Book Review: My Father’s House by Bethany Dawson

Recommended to me by a friend from my school days who still lives in the province, this book is set in contemporary Northern Ireland but spends much of the story looking back. Having grown up in Belfast, many of the places mentioned were familiar. It did at times feel rather too spread out for the distances that those living in the rural communities depicted would have felt comfortable travelling. Although the six counties are small, the people lived insular lives and travelling further than a town or two away with any regularity would have been unusual. The way everyone knew everyone else and gossip was rife was picked up well though.

It took a while for me to synch with the cadence of the book. At first the language felt stilted, but it soon started to feel correct for the characters portrayed. The author captures the balance between expectation, duty, geographical closeness and the topics that remain guessed at yet unspoken within families with an accuracy that made me feel disturbed and uncomfortable. There is no doubt that this book affected me very personally.

The plot revolves around a family whose father is dying of cancer. Life in rural Ulster is described with an uncanny realism although I did feel there were a few flaws. The mother had left the father and somehow managed to finance a new home. How she did that was never explained. As a wife of twenty or so years she did not work outside of the family home and farm. To suddenly leave her husband would have been highly unusual; to be able to afford to do so in such a comfortable way struck me as unlikely.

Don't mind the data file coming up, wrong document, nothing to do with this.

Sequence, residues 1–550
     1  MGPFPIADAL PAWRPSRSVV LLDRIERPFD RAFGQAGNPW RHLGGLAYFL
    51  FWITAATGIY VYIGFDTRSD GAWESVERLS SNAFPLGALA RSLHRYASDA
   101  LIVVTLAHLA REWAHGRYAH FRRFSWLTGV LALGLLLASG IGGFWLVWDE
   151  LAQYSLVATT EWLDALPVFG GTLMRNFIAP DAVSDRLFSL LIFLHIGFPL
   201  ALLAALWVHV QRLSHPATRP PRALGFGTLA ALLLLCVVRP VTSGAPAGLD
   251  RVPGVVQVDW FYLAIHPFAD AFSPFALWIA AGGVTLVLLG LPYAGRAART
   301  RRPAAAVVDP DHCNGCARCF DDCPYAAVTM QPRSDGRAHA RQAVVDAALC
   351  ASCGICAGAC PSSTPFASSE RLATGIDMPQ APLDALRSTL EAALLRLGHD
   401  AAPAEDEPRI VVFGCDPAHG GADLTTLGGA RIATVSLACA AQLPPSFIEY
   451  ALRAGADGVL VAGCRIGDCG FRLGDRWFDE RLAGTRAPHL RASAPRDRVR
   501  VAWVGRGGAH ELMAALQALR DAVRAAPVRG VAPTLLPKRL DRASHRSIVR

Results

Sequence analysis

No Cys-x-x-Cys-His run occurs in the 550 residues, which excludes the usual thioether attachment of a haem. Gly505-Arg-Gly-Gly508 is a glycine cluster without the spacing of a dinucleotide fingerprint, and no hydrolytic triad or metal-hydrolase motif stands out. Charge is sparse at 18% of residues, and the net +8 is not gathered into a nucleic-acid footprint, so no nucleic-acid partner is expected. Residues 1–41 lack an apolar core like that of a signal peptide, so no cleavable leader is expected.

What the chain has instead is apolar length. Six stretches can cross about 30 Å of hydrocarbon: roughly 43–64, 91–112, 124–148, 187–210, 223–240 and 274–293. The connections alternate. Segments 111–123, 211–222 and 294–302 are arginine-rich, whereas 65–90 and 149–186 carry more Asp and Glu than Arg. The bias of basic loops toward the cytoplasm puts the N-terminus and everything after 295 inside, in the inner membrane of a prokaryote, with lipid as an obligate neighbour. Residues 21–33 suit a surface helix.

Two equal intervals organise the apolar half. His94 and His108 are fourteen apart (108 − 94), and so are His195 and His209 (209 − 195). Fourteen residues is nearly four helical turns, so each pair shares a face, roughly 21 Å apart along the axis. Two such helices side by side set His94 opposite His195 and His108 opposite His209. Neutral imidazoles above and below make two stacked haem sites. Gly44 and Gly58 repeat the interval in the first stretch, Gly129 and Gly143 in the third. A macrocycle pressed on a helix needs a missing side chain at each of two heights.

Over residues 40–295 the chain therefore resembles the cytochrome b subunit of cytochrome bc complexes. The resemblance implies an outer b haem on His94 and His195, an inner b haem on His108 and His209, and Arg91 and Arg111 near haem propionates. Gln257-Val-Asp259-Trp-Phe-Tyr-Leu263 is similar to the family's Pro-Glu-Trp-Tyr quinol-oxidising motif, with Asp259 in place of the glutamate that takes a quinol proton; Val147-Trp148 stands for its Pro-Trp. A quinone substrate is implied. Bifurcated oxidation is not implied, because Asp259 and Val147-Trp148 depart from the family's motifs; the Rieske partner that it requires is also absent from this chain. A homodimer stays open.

None of the characters were particularly appealing. Their flaws were well portrayed but not their better qualities, which must have existed in some form for them to have got to where they were. The underlying tensions between siblings and the way children see their parents as always old were well described. I found the second half of the book easier to read as we were shown glimpses of the people the parents used to be and understood better why they had got together. As a parent myself I find it frustrating that my children cannot see me as an individual but only in relation to themselves.

I found the denouement satisfying. Given the picture that had been painted in the previous two hundred or so pages I felt that any other ending would have felt false. There is very little in this book that did not feel all too real. It is full of raw emotion with no glossing over weaknesses and flaws.

The book disturbed me, probably because so much of the tale felt too close to home for comfort. I consider a book that can get to me in this way to be powerful. For those who cannot relate to the intricacies of the time and place, it is a well written family saga. There are no great shocks or changes of direction, but the book is a page turner and a satisfying read.

I am left with a few questions that I would have liked to have had answered by the end of the book, such as why the father sold his land and where the money went. It was, however, a story about people and their tales were tidied to believable and generally satisfying conclusions. For me then it was not a comfortable read due to the thoughts and memories it provoked. I am glad though to have read it and would recommend it to others who enjoy this genre.

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